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My fiance and I are planning our wedding and are having some trouble because we are from different countries. We are both Christians and would like to have a wedding that is honorable to God biblically.

We plan to be wed in Japan and it is sometimes custom that they will sign marriage documents and turn them into city hall even months before the actual ceremony. These marriage documents legally state that the two are married. It is beneficial for myself since it is required for a visa and job. However, this seems to be a problem as we do not think we are "actually married" since a ceremony wouldn't take place until months later.

So I am wondering if it is even acceptable before God biblically to allow for this legalization of marriage even before a ceremony. I am also wondering what Bible passages speak about marriage so that we would be able to put in as much consideration to this as possible.

EDIT: I think I should clarify more about what I'd like information about. I took note about how God was present to ordain the first marriage between Adam and Eve. I'm assuming that the covenant of marriage must be made before God. If "submitting legal forms" before an actual ceremony constitutes as marriage, is that "a covenant made before God"?

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It would be helpful if you could tell us what denomination you belong to. Many churches place no restrictions on marriages, but others do. For instance, in my church (and many other evangelical churches) the church recognizes any marriage that is legal, regardless of where is is performed. However other churches (the Catholic church for one) only recognize marriages that are performed by a priest. –  wax eagle Jun 25 '12 at 16:45
    
@wax eagle: I do not belong to any denomination. However, I'm just looking for only Biblical context that talks about this (if any exist). –  Chris Harris Jun 25 '12 at 17:00
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I see. I'm afraid you're in for a disappointment on this one, there just isn't much there. Particularly because marriage is a largely cultural thing and our culture varies quite dramatically from the one in ancient Israel/Rome. –  wax eagle Jun 25 '12 at 17:04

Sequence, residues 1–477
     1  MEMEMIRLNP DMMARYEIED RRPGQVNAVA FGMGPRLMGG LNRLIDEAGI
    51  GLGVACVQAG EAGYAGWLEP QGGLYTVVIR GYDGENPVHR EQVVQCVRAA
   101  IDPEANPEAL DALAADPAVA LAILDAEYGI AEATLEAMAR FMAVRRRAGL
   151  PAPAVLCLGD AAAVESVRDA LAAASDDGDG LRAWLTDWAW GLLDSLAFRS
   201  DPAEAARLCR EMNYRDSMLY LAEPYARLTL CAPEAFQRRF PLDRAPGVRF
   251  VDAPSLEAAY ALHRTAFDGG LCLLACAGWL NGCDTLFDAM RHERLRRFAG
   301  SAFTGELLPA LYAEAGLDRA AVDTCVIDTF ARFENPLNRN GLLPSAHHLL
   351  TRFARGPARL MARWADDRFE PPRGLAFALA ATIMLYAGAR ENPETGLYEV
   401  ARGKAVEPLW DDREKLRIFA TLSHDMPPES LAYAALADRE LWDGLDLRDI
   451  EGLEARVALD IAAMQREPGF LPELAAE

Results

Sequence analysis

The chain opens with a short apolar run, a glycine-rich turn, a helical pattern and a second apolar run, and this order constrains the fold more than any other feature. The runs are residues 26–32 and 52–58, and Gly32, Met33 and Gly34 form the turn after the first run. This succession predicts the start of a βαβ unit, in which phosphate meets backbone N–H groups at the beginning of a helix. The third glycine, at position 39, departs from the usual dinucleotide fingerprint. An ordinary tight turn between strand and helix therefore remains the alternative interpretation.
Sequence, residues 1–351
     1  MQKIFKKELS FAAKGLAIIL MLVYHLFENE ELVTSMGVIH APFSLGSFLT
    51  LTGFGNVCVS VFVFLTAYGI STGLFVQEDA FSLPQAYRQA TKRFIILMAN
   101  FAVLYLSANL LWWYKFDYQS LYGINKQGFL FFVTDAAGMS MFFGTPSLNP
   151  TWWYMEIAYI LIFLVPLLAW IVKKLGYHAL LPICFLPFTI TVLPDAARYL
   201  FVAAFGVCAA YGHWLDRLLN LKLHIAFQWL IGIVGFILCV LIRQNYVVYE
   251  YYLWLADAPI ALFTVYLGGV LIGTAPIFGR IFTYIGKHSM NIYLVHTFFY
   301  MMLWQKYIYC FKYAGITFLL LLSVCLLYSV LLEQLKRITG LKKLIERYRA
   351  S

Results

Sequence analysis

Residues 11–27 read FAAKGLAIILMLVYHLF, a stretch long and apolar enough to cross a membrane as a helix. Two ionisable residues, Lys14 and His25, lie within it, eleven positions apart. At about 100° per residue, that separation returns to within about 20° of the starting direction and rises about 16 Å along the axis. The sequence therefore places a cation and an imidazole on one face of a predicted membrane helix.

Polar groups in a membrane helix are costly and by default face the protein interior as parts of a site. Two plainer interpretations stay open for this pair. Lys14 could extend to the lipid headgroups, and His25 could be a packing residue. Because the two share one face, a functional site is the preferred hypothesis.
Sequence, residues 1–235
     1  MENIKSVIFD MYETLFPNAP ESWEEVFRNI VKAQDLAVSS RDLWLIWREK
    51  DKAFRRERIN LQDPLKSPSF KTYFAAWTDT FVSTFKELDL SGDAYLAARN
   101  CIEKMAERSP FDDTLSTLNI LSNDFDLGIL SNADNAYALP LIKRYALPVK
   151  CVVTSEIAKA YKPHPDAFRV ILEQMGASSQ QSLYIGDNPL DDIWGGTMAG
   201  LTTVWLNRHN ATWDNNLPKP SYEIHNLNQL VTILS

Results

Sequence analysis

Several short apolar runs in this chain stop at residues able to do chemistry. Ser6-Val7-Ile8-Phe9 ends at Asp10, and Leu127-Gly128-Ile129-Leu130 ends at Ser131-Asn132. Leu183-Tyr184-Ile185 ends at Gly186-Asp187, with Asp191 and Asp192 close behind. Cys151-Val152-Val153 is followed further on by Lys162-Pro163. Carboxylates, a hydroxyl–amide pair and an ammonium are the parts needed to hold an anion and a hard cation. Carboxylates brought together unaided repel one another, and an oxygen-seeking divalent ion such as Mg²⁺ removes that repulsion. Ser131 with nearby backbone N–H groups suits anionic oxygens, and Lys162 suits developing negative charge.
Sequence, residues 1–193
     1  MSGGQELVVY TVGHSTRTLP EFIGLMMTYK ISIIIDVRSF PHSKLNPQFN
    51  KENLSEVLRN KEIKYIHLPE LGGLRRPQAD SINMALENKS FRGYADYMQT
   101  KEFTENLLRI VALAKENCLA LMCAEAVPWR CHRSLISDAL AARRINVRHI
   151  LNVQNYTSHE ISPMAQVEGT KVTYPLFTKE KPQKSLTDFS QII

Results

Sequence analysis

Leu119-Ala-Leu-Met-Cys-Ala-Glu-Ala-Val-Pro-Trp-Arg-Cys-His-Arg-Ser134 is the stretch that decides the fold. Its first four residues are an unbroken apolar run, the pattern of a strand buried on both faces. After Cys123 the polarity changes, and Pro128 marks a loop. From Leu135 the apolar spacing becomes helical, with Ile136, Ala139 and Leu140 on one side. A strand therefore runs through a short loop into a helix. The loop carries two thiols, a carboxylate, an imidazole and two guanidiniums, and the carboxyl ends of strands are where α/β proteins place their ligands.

@wax eagle: Yeah I suppose so! I was having trouble with this, so I decided to ask on Stack Exchange :) –  Chris Harris Jun 25 '12 at 17:07
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Can you say a little more about what you are concerned about? Are you concerned because you might be considered legally married before you consider yourselves to be? Or are you concerned that God would think you are 'lying' by 'claiming' to be married before you have gone through the religious ceremony? Or are you worried that God thinks this isn't the 'right' way to do marriage? –  DJClayworth Jun 25 '12 at 20:14

3 Answers 3

up vote 5 down vote accepted

I read in the comments that you're not looking for an answer from a particular denomination, but a purely biblical answer.

Well, if you're a Christian, then you'd know that the OT laws (besides the 10 commandments) are not what we follow any more, as they have their completion in Jesus. Further, you are aware that you must render unto Caesar what is Caesars. It would see as though the formalities in civil marriage are little more than a tax on marriage and don't constitute a legitimate marriage in the eyes of God.

Just as heresy can shed a lot of light on what the true Church teaches. Divorce can shed a lot of light on what marriage is. Owing to what Jesus said (Matt 19:8), in the beginning it was not so, in the beginning you had Adam and Eve, the first married couple and the example for all marriage. The coupling which took "it is not good for man to be alone" to "woah, this is indeed flesh of my flesh!". If anyone says Adam and Eve weren't married in the eyes of God and didn't have a perfect marriage in the beginning, they'd have a long and complicated argument.

So, if they had the best possible marriage, if you find it is impossible to be wed in a Church in the way you'd best see fit, getting married in the most prudent possible way is always better than being consumed with fire, as St. Paul might say. If you want, you can have your marriage blessed later.

Then, to go back to divorce, Jesus says that divorce is only OK if the marriage is unlawful, which means there must be something that makes the marriage lawful.


To a Catholic, a lawful marriage requires consent of the man and the woman, full knowledge of what they're getting in to, nothing previous encumbering the marriage. There is a biblical pretext for all this, as I think there is for all Catholic tradition, but that's a bit beyond the scope of the question (or at least my capacity to answer)